March 16, 2018, Arkansas
Circuit judge in Polanski Country, Arkansas, directed the state regulators to temporarily block the issuance of cultivation licenses to MMJ growing companies. The verdict came following the lawsuits alleging discrepancies in the process. A provisional restraining order has been issued by Wendell Griffen, the honorable county judge, stopping the state regulators from awarding cultivation licenses to five MMJ companies that had been classified eligible to grow medical strains of cannabis.
Arkansas’ Medical Marijuana Commission postponed its meeting to formally issue the permits to respective MMJ companies after the verdict. Judge Griffen passed the verdict on the lawsuit filed by Naturalis Health, one of the MMJ growing companies which failed to secure the cultivation license. A further hearing has been scheduled for today where the circuit court will mull over the possibility of launching a lawsuit against the state.
According to the ruling given by the court, the evidence furnished by the plaintiff indicates strong chances of the exploitation of merit by violating Act of Administrative Procedure and by not following the due process.
Lawsuit filed by two different MMJ growing companies alleged the same issues with the process of issuing growing license. Apart from these lawsuits, various other failed applicants have posted letters of complaint to the MMJ commission indicating substantial violations and discrepancies in the process.
In February, the commission publicized the list of five companies succeeded in scoring the cultivation permit. The commission made this announcement after reviewing the applications of more than 90 MMJ growing companies. Last week, all five successful companies submitted the license fee of $100,000. Moreover, each of them also posted half a million performance bond. It is another mandatory requirement to acquire the cultivation license.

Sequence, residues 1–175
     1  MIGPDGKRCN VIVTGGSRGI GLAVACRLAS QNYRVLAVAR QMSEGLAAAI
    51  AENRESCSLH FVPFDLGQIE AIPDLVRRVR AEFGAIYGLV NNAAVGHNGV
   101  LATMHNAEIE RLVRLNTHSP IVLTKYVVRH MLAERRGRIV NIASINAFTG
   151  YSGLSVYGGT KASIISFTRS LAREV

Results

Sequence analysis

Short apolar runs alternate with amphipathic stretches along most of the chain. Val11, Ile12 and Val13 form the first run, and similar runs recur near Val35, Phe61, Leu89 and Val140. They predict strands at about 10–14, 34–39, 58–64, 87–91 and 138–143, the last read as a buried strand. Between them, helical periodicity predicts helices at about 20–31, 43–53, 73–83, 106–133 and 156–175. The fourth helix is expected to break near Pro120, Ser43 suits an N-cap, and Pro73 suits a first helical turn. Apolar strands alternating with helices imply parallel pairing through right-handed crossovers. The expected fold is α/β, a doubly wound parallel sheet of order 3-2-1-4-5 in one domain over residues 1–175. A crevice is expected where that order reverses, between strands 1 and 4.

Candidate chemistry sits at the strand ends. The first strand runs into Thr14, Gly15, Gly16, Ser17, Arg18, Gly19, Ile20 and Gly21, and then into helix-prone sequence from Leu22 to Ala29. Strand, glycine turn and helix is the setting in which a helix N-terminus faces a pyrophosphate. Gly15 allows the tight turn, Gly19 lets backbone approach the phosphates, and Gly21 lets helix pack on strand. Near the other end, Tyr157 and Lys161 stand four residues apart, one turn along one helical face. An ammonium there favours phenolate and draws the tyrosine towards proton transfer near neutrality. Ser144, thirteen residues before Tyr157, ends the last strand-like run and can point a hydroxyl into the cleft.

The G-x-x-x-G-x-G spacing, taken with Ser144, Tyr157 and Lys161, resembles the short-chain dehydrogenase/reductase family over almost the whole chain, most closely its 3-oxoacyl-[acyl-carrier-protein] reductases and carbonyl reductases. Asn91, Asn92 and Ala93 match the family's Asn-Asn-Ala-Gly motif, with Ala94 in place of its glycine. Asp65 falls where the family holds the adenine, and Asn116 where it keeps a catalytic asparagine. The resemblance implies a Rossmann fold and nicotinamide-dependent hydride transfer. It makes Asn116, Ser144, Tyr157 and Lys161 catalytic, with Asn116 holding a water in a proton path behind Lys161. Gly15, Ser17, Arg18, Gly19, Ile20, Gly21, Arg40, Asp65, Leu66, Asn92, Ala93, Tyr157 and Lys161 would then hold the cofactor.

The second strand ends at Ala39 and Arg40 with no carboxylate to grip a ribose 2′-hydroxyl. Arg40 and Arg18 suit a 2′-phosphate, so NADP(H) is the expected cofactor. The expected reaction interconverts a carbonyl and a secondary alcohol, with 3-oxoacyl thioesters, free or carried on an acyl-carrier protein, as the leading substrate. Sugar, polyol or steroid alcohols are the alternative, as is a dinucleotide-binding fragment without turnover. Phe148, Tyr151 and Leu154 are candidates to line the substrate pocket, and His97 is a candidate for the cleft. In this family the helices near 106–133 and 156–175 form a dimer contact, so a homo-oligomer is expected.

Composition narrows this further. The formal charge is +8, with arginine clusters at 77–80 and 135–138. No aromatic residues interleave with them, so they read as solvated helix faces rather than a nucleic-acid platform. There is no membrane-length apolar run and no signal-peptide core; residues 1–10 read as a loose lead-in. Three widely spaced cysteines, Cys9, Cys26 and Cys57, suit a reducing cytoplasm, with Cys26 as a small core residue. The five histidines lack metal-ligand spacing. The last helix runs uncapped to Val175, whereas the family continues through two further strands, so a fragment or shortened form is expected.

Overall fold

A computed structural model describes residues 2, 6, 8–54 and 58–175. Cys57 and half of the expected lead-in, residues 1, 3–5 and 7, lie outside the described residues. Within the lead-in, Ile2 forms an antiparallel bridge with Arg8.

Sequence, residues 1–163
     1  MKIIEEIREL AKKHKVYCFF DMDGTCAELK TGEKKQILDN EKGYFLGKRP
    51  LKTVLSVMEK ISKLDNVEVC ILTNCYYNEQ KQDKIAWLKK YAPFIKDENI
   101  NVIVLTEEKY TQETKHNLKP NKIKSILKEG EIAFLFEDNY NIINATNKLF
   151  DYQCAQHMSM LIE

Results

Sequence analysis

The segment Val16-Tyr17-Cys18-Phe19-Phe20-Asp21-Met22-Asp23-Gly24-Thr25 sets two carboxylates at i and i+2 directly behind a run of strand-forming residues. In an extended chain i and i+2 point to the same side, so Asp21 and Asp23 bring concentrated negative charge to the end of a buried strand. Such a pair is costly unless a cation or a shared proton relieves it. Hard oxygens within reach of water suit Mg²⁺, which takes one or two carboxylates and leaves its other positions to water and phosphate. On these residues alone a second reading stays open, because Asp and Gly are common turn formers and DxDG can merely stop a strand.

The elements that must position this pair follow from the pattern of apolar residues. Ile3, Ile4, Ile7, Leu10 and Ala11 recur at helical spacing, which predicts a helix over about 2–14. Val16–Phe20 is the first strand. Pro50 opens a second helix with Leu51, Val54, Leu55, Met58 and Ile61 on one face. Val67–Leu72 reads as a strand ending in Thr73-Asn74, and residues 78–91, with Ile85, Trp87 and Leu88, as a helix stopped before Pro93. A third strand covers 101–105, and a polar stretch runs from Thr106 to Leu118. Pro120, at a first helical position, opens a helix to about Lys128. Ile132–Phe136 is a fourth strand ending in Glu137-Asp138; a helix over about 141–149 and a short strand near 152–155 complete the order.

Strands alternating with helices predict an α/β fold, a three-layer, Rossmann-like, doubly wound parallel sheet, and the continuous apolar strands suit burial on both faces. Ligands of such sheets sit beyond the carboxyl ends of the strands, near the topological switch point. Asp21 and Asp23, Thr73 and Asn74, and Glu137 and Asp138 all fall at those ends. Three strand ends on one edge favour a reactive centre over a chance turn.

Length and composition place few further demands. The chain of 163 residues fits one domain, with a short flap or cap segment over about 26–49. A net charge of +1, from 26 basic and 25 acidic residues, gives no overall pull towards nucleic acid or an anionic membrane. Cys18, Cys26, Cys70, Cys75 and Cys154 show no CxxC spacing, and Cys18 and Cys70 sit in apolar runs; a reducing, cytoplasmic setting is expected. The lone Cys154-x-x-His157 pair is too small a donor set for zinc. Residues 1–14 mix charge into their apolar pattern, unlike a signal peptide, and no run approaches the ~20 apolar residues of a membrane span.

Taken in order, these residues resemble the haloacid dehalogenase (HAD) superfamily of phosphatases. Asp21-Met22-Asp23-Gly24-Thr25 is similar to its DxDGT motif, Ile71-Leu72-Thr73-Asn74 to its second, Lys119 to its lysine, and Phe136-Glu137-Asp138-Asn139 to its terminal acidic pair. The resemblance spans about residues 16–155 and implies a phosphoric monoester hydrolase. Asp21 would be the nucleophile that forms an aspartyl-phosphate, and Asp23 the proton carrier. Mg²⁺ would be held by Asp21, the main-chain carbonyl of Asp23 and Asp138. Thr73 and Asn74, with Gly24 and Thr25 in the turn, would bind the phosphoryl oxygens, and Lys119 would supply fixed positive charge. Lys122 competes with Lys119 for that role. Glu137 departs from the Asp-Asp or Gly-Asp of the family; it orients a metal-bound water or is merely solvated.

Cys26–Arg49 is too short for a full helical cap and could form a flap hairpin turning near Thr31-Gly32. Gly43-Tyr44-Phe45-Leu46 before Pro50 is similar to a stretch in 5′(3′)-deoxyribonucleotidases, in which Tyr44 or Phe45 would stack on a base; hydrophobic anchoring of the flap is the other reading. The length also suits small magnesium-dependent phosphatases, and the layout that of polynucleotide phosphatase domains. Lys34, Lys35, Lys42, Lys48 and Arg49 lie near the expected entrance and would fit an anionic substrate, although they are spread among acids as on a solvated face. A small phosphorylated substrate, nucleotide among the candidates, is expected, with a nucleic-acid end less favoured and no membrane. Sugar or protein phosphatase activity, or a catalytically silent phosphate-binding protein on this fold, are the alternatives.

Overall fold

The commission evaluated all the applications and assigned a score to each. The scoring criteria are based on multiple factors such as experience in the domain of commercial cultivation and financial status. The five companies, which were awarded the growing permit, scored highest among all the applicants.
Lawsuits also blame the commission for tarnishing the newly introduced program for the welfare of MMJ patients and are approved and supported by the voters of the state. Plaintiffs have also reminded the state of its responsibilities to not only the plaintiffs, but also the residents of the state for whom the program has been put into effect.
Arkansas is the first state in Southern part of the country to legalize medical cannabis. Voters in the state approved a legislative amendment two years ago to allow medical cannabis for patients with particular health conditions. The regulators have processed applications of more than 4,400 MMJ patients in the state, who will get their MMJ cards 30 days prior to the availability of drugs at authorized dispensaries.
The state’s cannabis commission has a plan to issue permits to 30 MMJ dispensaries by the end of the year. This delay in awarding cultivation license might affect the progress on retail sales of medicinal cannabis as well.
Marijuana stays in the news, and Alice is always ready to keep us updated. A world traveler and lover of freedom, Alice knows what is going on, no matter where she roams. She specializes in marijuana legalization stories across the globe, with up to date... [read more]